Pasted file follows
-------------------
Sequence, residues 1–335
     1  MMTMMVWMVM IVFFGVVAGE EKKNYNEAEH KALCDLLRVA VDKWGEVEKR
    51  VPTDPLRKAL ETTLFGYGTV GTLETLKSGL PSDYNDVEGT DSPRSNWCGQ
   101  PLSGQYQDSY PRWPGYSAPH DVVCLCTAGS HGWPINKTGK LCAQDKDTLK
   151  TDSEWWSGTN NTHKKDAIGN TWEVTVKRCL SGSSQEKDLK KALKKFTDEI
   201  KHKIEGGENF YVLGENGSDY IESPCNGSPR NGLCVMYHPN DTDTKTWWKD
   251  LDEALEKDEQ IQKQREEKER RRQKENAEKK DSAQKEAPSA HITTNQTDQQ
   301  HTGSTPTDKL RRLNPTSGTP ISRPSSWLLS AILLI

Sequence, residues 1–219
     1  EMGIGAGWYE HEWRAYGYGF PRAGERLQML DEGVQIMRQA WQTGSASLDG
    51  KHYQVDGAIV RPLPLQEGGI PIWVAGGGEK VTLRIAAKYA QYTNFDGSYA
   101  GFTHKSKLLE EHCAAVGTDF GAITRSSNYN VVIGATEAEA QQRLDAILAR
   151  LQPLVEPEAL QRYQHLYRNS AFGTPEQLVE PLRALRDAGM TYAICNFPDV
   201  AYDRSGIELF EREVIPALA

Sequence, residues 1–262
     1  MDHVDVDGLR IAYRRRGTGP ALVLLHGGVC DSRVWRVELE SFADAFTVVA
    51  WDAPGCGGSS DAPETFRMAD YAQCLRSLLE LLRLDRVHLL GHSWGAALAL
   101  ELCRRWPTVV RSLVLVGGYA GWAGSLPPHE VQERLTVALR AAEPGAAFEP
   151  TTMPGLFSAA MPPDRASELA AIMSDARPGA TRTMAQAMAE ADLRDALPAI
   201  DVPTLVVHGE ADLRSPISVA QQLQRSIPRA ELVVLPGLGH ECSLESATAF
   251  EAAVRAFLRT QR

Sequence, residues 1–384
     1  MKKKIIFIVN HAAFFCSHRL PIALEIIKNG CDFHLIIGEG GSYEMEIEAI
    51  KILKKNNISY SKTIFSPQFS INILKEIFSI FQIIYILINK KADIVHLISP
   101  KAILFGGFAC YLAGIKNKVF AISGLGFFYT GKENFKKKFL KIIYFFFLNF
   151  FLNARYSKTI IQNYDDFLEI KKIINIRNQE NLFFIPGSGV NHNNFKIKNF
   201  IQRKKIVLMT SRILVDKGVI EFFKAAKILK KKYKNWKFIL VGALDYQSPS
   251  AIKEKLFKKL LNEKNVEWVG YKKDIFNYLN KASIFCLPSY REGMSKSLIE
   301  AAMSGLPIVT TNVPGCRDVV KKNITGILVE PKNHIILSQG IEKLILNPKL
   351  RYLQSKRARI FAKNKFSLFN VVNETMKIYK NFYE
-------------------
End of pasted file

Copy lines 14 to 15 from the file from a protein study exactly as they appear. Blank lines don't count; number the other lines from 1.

   201  AYDRSGIELF EREVIPALA

Sequence, residues 1–262